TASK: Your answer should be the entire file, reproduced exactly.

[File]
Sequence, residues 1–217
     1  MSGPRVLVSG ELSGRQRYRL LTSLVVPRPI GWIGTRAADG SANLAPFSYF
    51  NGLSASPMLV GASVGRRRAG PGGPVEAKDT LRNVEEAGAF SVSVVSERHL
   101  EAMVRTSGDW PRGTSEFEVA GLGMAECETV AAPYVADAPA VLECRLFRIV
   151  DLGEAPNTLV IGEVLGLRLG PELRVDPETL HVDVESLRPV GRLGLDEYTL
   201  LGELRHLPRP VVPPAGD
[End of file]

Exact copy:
Sequence, residues 1–217
     1  MSGPRVLVSG ELSGRQRYRL LTSLVVPRPI GWIGTRAADG SANLAPFSYF
    51  NGLSASPMLV GASVGRRRAG PGGPVEAKDT LRNVEEAGAF SVSVVSERHL
   101  EAMVRTSGDW PRGTSEFEVA GLGMAECETV AAPYVADAPA VLECRLFRIV
   151  DLGEAPNTLV IGEVLGLRLG PELRVDPETL HVDVESLRPV GRLGLDEYTL
   201  LGELRHLPRP VVPPAGD